Open Doors

University welcomes community to campus throughout the year


New and returning events in the past year highlight the unusually strong connection between the University of Arkansas - Fort Smith and the community that surrounds it.Young boy on a velcro wall.

Among the new events with a community flair was the university’s first fall Family Weekend.

Creation of the event was driven by the Student Government Association, when it resolved to have Homecoming moved to the spring to celebrate the basketball season. At the same time the students wanted to create a Family Weekend in the fall.

“The idea was to give an opportunity for students’ families to come and visit them on campus,” explained Stephanie London, director of Student Activities and coordinator for Student Affairs. Family members want to see “what it’s like to be a student here at UAFS.”

Although there was no money budgeted for the new event, organizers were able to yoke several activities together to make the weekend successful. Friday Oct. 21 and Saturday Oct. 22 already had volleyball games scheduled, so those became anchors.

The Theatre @ UAFS Presents offered 10th anniversary performances both evenings of the award-winning original drama “Corrigenda.”

Friday also offered a showing of the movie “Ghostbusters” on the campus green and two hours of family time at the RAWC, the new student-supported Recreation and Wellness Center.

Saturday began with a Chili Cook-Off Tailgate event in the parking lot of the Windgate Art & Design Building. Following the noon volleyball game, families received maps to the murals downtown that are part of The Unexpected: Festival of Murals. Area restaurants offered a discount to Family Weekend participants.

Greek Week festivities wound up with a lip-sync battle open to students and family members.

The Chancellor’s Leadership Council Class also planned and hosted a new community-friendly event. Continuing the Family Weekend theme, class members sponsored UAFS: F is for Family the next Tuesday.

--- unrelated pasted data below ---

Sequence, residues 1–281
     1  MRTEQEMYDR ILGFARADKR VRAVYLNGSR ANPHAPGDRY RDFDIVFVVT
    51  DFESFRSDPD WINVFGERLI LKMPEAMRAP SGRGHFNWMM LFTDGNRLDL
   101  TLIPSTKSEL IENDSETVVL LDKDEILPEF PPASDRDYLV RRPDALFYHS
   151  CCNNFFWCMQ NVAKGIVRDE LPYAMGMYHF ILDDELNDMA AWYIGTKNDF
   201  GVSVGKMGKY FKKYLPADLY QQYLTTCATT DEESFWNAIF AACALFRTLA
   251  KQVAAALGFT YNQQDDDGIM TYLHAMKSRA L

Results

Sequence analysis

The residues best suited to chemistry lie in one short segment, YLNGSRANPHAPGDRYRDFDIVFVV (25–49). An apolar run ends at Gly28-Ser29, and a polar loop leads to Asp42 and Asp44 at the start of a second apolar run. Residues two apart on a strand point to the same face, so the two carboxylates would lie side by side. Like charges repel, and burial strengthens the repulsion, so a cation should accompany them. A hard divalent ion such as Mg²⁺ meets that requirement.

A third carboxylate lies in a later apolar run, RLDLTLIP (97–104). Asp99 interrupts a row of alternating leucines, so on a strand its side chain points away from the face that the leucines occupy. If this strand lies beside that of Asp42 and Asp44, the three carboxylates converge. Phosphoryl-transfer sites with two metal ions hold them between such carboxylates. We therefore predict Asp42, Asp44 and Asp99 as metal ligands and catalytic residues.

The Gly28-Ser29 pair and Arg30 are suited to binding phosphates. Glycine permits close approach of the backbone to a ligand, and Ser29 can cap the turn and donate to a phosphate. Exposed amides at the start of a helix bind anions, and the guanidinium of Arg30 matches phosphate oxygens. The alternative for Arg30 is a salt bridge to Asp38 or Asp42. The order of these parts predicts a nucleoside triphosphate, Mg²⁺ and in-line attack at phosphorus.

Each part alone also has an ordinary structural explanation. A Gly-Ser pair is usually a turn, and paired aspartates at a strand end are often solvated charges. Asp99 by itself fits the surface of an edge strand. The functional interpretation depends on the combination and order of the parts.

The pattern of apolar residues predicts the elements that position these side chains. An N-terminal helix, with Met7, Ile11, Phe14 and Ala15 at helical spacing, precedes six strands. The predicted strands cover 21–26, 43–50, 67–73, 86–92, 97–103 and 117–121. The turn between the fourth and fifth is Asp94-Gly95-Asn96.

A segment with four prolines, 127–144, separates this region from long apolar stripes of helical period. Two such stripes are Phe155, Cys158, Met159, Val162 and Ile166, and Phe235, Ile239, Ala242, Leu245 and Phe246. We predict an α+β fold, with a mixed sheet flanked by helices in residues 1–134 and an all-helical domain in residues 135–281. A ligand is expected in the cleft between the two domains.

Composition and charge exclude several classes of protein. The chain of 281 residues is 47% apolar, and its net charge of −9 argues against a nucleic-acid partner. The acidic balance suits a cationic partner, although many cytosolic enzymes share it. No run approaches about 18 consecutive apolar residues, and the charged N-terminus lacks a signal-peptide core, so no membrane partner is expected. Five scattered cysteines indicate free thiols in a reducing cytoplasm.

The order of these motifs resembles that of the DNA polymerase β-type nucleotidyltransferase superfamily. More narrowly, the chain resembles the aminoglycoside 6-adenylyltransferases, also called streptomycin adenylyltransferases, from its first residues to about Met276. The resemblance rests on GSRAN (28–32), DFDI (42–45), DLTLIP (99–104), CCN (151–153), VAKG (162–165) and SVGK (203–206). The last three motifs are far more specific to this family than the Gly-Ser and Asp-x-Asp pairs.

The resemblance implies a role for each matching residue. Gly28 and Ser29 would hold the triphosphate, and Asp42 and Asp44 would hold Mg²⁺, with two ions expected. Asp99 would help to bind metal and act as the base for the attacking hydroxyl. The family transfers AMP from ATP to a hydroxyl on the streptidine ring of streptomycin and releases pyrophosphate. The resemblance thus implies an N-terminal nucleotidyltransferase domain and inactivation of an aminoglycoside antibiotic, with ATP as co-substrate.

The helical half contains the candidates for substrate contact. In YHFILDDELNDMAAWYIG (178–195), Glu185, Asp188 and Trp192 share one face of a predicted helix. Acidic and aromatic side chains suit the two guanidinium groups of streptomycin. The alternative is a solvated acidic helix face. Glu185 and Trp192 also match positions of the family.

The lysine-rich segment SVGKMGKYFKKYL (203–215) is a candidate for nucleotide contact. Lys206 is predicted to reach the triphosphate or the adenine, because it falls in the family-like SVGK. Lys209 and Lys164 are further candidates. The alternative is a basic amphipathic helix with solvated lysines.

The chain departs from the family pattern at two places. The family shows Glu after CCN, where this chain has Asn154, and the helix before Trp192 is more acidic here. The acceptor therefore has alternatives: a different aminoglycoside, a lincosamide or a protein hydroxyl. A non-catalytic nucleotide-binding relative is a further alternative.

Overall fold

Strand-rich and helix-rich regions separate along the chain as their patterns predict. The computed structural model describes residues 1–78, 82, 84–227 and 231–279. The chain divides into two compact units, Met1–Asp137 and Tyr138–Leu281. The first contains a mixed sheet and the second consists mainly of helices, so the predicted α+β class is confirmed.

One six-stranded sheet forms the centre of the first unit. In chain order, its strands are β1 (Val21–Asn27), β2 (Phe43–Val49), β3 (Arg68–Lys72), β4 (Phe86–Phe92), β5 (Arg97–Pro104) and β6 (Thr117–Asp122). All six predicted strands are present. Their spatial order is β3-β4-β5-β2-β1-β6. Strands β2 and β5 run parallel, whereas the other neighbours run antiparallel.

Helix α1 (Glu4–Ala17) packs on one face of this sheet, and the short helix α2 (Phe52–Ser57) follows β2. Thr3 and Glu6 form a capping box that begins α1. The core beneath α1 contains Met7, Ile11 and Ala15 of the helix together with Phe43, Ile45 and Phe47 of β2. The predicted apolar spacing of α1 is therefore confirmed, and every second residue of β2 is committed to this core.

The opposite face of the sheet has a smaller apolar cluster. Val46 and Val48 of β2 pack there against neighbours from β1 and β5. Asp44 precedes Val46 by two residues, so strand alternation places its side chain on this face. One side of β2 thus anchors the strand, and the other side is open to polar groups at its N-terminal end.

Student Davin Chitwood told the Times Record newspaper that the event was meant to remind people of how important family time is by offering community members a chance to unplug. The event, held in the Stubblefield Center, included inflatables, carnival games, food, drinks, and music. Members of the men’s basketball team were around to sign autographs and interact with children. The women’s team played a game in the center that day as well.

February saw yet another event that was open to the university and the community: a live Street Fair on Kinkead Avenue. Despite a sudden cold snap, the event, part of 2017 Homecoming Week and Alumni Weekend, brought people together to celebrate Fort Smith’s emerging food truck culture. Also available were ice skating, henna tattoos, live action role-playing, trivia games, bands, and a live disc jockey.

Of course the grandmamma of UAFS’s stretch into the community is the Season of Entertainment, now in its 36th year. The season includes UAFS student shows, including musical and dramatic performances; the Season’s Greetings concert is always a crowd favorite. Four professional traveling productions are included; this year Mannheim Steamroller’s Christmas show and the “42nd Street” were crowd favorites.

There are no fences around the UAFS campus as there are on some campuses. UAFS has grown up in the city as the city has grown and it seeks to be a part of the city and to have city residents become a part of it. Although it shed “community” from its name, there is no doubt the University of Arkansas ­- Fort Smith remains the community’s university.

Story Credits: 
Judi Hansen
Photo Credits: 
Rachel Putman